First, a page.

2. Bend the knee on your uninjured side and place the foot flat on the floor.
  3. Lift the injured leg straight up with your thigh muscle tight.
  4. Do 2 sets of 15 repetitions.

Prone hip extension

  1. Lie on your stomach with your arms folded under your head to rest your head in them.
  2. Tighten your abdominal, buttocks, and thigh muscles.
  3. Lift the injured leg straight up off the floor with the leg straight.
  4. Lower the leg and relax.
  5. Do 2 sets of 15 repetitions.

Hip bridges

  1. Lie on your back with your knees bent and feet flat on the floor.
  2. Tighten your abdominal, buttocks, and thigh muscles, and lift the hips off the ground until your body forms a straight line from knees to shoulders.
  3. Do 2 sets of 10-15 repetitions.

Wall squat with a ball

  1. Stand straight against a wall looking straight ahead.
  2. Keep the feet 2 feet (90 cm) from the wall and the shoulder’s width apart.
  3. Place a ball the size of a basketball behind your back.

Keeping the back straight, slowly squat down to a 45-degree angle. Hold the position for 10 seconds and slide back up. Do 2 sets of 15 repetitions.

Clam exercise

  1. Lie on the uninjured side with the hips and knees bent and feet together.
  2. Raise the top leg toward the ceiling while keeping the heels touching each other.
  3. Hold for 2 seconds and lower.
  4. Do 2 sets of 15 repetitions.

Side plank

  1. Lie on your side.
  2. Prop yourself and the hips up onto your forearm with the elbow under the shoulder and the outside of your foot.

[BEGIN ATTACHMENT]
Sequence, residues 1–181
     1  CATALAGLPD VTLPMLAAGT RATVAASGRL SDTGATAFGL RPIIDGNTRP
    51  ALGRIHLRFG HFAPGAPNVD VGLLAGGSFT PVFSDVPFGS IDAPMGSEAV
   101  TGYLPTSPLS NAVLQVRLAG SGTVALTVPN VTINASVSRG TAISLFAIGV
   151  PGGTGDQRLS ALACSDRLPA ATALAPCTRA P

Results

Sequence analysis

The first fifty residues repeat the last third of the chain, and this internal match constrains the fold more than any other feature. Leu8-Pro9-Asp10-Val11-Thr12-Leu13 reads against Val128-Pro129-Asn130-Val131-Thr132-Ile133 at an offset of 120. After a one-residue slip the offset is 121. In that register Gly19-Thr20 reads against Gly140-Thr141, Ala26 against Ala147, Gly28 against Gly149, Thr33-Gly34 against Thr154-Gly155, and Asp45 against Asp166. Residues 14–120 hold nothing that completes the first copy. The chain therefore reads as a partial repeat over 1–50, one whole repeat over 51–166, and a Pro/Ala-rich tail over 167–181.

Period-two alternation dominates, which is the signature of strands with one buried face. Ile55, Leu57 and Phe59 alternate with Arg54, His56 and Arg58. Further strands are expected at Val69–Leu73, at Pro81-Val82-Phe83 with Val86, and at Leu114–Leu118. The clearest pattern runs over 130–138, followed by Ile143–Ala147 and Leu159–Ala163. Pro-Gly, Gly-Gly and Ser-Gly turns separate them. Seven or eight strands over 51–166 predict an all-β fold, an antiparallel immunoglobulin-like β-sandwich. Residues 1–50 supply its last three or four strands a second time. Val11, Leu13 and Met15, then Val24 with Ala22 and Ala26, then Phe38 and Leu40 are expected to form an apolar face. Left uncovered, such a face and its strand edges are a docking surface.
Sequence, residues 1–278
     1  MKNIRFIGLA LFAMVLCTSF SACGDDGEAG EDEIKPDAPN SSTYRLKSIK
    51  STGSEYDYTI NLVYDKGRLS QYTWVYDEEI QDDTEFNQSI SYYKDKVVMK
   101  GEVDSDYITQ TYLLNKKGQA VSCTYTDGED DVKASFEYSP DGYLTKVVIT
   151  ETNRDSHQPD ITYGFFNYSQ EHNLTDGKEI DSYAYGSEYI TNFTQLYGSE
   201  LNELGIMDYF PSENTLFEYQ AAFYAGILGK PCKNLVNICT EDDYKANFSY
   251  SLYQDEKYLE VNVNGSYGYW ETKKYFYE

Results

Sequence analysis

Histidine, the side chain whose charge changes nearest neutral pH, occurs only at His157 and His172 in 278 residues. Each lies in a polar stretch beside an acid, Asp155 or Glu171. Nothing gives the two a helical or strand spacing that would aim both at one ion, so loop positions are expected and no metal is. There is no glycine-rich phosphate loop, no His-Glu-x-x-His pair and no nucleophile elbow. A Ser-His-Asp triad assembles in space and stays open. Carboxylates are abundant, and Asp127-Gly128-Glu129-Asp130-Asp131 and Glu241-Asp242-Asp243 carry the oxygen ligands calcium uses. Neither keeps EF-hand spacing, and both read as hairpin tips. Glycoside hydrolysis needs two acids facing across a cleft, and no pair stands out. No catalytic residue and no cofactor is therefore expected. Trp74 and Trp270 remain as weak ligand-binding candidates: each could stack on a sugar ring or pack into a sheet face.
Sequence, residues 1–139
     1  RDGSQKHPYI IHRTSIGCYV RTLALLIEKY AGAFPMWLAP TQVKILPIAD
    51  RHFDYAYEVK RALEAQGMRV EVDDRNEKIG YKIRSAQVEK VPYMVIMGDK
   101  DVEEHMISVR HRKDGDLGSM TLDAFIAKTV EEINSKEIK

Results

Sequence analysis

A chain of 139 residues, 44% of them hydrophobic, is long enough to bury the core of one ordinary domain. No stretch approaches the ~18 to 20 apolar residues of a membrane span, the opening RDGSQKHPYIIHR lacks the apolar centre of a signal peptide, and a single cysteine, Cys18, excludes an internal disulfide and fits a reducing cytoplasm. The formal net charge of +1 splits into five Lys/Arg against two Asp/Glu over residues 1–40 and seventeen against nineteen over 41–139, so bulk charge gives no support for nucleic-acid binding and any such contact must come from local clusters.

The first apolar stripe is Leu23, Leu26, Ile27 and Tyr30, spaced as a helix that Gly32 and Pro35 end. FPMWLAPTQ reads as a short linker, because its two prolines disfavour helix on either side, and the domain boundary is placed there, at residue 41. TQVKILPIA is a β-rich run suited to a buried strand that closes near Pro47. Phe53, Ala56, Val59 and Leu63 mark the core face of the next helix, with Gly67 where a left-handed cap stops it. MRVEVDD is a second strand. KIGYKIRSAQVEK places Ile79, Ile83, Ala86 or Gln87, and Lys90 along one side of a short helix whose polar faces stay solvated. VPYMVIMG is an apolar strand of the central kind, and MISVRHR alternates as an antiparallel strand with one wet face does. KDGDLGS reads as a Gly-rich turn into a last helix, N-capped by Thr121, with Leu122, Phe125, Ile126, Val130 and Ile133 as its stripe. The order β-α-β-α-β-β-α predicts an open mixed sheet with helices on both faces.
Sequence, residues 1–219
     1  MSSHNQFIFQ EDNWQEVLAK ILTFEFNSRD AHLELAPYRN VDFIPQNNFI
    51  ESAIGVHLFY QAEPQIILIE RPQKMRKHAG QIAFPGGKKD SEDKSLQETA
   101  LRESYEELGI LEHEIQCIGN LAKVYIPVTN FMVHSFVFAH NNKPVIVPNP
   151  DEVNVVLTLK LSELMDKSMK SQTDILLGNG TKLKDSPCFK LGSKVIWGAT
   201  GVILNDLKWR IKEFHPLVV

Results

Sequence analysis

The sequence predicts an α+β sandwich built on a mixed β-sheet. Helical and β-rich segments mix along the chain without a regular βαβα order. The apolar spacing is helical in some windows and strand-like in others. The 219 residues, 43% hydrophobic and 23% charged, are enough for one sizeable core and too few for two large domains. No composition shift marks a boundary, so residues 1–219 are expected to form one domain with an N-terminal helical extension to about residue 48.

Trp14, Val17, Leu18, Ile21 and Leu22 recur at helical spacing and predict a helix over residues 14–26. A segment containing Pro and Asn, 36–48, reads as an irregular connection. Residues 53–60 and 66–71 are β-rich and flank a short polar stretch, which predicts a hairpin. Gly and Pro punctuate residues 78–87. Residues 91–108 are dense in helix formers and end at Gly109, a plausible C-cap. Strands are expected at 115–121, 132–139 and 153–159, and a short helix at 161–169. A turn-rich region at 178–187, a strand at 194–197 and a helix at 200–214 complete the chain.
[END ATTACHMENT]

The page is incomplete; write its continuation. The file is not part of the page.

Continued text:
3. Hold this position for 15 seconds.
  4. Switch sides and repeat. This exercise can be made easier by starting by resting on your forearm and your knees flexing toward your chest.


  1. Lie on your stomach, resting on your forearms.
  2. Lift yourself off the floor with the hips in line with the shoulders, supporting yourself on the forearms and toes.
  3. Hold for 15 seconds.

To make it easier, you can place the knees on the floor. Repeat 3 times.

Side-lying leg lift

  1. Lie on the uninjured side and lift the injured leg straight away from the other leg.
  2. Remember to tighten the muscles from the injured side.
  3. Do 2 sets of 15 repetitions.

Low-impact aerobic exercises

These exercises should be low-impact and non-weight bearing.

  • Swimming: Swimming or water aerobics provide minimal impact on the joint and promote overall fitness without exacerbating hip bursitis.
  • Cycling: This is an option to strengthen hip and leg muscles without stress on the hip joint.

Other Therapy for Hip Bursitis

Physical therapy treatment for hip bursitis uses strategies to reduce inflammation and pressure of the hip bursa. Many of these treatments are passive and help improve range of motion and strength, but the most effective ones are the exercises described above.

  • Physical therapy: These include heat, ice, electric stimulation, massages, manual stretching, and ultrasound.
  • Pharmaceutical: Oral nonsteroidal anti-inflammatories help to manage some of the symptoms providing pain relief.
  • Corticosteroid injections: Localized injections coupled with local anesthesia provide fast pain relief and directly target inflammation.
  • Platelet-rich plasma injections (PRP): It is not considered the standard of care for hip bursitis at this time.
  • Extracorporeal shock wave therapy: This is an effective treatment, with a success rate of 86.8% combined with an exercise regimen.
  • Surgical management: Rarely done. Reserved for chronic cases where the bursa is opened and cleaned.

How to Prevent Hip Bursitis?

There are different steps one can take to prevent hip bursitis

  • Hip stretching every day.
  • Performing hip strengthening exercises 3-5 times a week.
  • Staying active.
  • Maintaining low back and spinal mobility.
  • Have a rest day not to overwork the joint.